Passelyon to Patrick

Passelyon, a young foundling brought up by Morgan la Fée. He was detected in an intrigue with Morgan’s daughter. The adventures of this amorous youth are related in the romance called Perceforest, iii.

Passe-tyme of Plesure, an allegorical poem in forty-six capitulos and in seven-line stanzas, by Stephen Hawes (1515). The poet supposes that while Graunde Amoure was walking in a meadow, he encountered Fame, “enuyroned with tongues of fyre,” who told him about La bell Pucell, a ladye fair, living in the Tower of Musike; and then departed, leaving him under the charge of Gouernaunce and Grace who conducted him to the Tower of Doctrine. Countenaunce, the portress, showed him over the tower, and lady Science sent him to Gramer. Afterwards he was sent to Logyke, Rethorike, Inuention, Arismetrike, and Musike. In the Tower of Musike he met La bell Pucell, pleaded his love, and was kindly entreated; but they were obliged to part for the time being, while Graunde Amoure continued his “passe-tyme of pleasure.” On quitting La bell Pucell, he went to Geometrye, and then to Dame Astronomy. Then, leaving the Tower of Science, he entered that of Chyualry. Here Mynerue introduced him to kyng Melyzyus, after which he went to the temple of Venus, who sent a letter on his behalf to La bell Pucell. Meanwhile, the giant False Report (or Godfrey Gobilyue) met him, and put him to great distress in the house of Correction; but Perceueraunce at length conducted him to the manour-house of Dame Comfort. After sundry trials, Graunde Amoure married La bell Pucell, and, after many a long day of happiness and love, he was arrested by Age, who took him before Policye and Auarice. Death, in time, came for him, and Remembraunce wrote his epitaph.

Paston Letters, letters chiefly written to or by the Paston family, in Norfolk. Charles Knight calls them “an invaluable record of the social customs of the fifteenth century.” Two volumes appeared in 1787, entitled Original Letters Written During the Reigns of Henry VI., Edward IV., and Richard III., by Various Persons of Rank. Three extra volumes were subsequently printed.

(Some doubt has been raised respecting the authenticity of these letters.)

Pastor Fido (Il), a pastoral by Giovanni Battista Guarini of Ferrara (1585).

Pastoral Romance (The Father of), Honoré d’Urfé (1567–1625).

Pastorella, the fai r shepherdess (bk. vi. 9), beloved by Corydon, but “neither for him nor any other did she care a whit.” She was a foundling, brought up by the shepherd Melibee. When sir Calidore was the shepherd’s guest, he fell in love with the fair foundling, who returned his love. During the absence of sir Calidore in a hunting expedition, Pastorella, with Melibee and Corydon, were carried off by brigands. Melibee was killed, Corydon effected his escape, and Pastorella was wounded. Sir Calidore went to rescue his shepherdess, killed the brigand chief, and brought back the captive in safety (bk. vi. 11). He took her to Belgard Castle, and it turned out that the beautiful foundling was the daughter of lady Claribel and sir Bellamour (bk. vi. 12).—Spenser: Faërie Queene, vi. 9-12 (1596).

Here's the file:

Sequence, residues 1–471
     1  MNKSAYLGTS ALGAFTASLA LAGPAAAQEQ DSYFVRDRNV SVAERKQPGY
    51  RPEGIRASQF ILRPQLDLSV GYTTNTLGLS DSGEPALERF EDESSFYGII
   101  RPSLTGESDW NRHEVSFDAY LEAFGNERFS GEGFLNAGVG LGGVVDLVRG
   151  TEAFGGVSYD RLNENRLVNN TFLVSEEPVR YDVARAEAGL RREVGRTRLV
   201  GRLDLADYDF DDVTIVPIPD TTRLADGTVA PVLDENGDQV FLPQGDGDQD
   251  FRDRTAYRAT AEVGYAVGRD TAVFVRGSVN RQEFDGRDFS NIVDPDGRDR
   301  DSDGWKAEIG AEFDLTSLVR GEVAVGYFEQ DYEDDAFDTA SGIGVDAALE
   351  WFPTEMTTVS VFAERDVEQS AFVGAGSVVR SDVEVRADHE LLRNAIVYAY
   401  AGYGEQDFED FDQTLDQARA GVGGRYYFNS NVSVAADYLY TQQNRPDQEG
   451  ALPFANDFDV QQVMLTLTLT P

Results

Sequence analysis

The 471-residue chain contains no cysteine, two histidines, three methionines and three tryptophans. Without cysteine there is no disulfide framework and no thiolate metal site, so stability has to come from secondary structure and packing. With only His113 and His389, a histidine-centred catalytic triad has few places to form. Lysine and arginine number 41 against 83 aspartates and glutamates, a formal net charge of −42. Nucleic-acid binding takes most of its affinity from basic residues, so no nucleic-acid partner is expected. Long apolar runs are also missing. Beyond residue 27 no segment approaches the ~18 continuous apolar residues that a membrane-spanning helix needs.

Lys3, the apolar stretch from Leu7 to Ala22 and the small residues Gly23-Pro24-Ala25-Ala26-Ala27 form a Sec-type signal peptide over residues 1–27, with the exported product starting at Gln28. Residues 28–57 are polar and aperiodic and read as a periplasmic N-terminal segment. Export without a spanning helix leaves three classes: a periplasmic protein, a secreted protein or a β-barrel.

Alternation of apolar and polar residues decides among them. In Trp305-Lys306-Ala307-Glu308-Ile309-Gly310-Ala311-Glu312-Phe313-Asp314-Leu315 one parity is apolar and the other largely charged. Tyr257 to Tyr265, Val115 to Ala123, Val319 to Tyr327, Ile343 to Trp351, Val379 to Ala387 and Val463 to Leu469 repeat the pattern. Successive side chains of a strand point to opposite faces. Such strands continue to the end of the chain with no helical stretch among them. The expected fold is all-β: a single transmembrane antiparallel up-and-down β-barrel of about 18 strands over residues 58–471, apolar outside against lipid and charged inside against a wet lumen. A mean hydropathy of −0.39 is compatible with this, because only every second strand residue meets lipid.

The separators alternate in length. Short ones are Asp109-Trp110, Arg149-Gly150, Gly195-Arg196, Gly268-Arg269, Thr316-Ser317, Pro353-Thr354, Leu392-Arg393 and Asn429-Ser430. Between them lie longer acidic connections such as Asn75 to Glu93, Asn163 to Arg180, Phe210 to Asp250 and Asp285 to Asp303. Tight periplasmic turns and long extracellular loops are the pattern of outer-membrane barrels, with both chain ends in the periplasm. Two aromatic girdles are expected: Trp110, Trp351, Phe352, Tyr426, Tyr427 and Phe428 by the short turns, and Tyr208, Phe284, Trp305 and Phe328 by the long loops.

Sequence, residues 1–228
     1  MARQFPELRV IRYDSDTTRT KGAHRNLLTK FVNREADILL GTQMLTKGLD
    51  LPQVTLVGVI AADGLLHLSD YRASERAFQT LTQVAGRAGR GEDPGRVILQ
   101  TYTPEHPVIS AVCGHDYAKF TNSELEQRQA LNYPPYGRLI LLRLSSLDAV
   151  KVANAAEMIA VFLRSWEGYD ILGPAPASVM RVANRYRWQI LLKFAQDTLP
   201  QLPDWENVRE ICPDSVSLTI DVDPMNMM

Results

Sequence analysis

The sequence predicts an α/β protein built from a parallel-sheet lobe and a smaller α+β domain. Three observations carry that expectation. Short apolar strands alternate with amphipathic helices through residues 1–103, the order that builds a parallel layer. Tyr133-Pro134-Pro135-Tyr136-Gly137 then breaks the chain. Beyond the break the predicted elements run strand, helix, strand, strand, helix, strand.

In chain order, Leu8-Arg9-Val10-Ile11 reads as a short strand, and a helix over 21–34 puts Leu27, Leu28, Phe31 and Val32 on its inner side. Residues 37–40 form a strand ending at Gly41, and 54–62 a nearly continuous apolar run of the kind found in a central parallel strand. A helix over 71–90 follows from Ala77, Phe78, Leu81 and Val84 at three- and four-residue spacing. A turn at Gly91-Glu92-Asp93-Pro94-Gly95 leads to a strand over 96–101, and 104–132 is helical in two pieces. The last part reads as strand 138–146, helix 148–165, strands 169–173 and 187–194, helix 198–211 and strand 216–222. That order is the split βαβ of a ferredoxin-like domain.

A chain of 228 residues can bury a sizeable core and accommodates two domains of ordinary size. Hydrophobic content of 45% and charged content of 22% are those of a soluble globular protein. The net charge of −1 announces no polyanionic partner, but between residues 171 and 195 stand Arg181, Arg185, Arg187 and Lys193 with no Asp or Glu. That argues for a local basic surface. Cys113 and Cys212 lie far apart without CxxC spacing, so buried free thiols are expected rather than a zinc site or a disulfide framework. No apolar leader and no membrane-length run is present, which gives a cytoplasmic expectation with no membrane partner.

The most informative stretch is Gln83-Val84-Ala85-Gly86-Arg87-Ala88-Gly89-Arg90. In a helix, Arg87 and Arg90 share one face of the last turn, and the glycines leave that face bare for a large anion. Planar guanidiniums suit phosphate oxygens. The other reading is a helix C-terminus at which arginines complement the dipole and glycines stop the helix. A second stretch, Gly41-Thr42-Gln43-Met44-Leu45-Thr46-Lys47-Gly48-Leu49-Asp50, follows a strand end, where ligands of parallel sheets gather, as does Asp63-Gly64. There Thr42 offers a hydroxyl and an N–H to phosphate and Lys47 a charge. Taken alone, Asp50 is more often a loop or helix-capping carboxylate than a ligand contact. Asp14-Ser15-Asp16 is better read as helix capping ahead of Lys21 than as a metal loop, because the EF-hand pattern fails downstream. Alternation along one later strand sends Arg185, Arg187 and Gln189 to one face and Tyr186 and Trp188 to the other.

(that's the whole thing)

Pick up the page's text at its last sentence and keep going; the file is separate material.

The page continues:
“Pastorella” is meant for Frances Walsingham, daughter of sir Francis Walsingham, whom sir Philip Sidney (“sir Calidore”) married. After Sidney’s death, the widow married the earl of Essex (the queen’s favourite). Sir Philip being the author of a romance called Arcadia, suggested to the poet the name Pastorella.

Patagonians. This word mean “large foot,” from the Spanish patagó (“a large, clumsy foot”). The Spaniard, so called the natives of this part of South America, from the unusual size of the human foot-prints in the sand. It appears that these foot-prints were due to large clumsy shoe worn by the natives and were not the impressions of naked feet.

Patamba, a city of the Aztecas, south of Missouri, utterly destroyed by earthquake and overwhelmed.

The tempest is abroad. Fierce from the north
A wind uptears the lake, whose lowest depths
Rock, while convulsions shake the solid earth.
Where is Patamba?…The mighty lake
Hath burst its bounds, and you

  By PanEris using Melati.

Previous chapter Back Home Email this Search Discuss Bookmark Next chapter/page
Copyright: All texts on Bibliomania are © Ltd, and may not be reproduced in any form without our written permission.
See our FAQ for more details.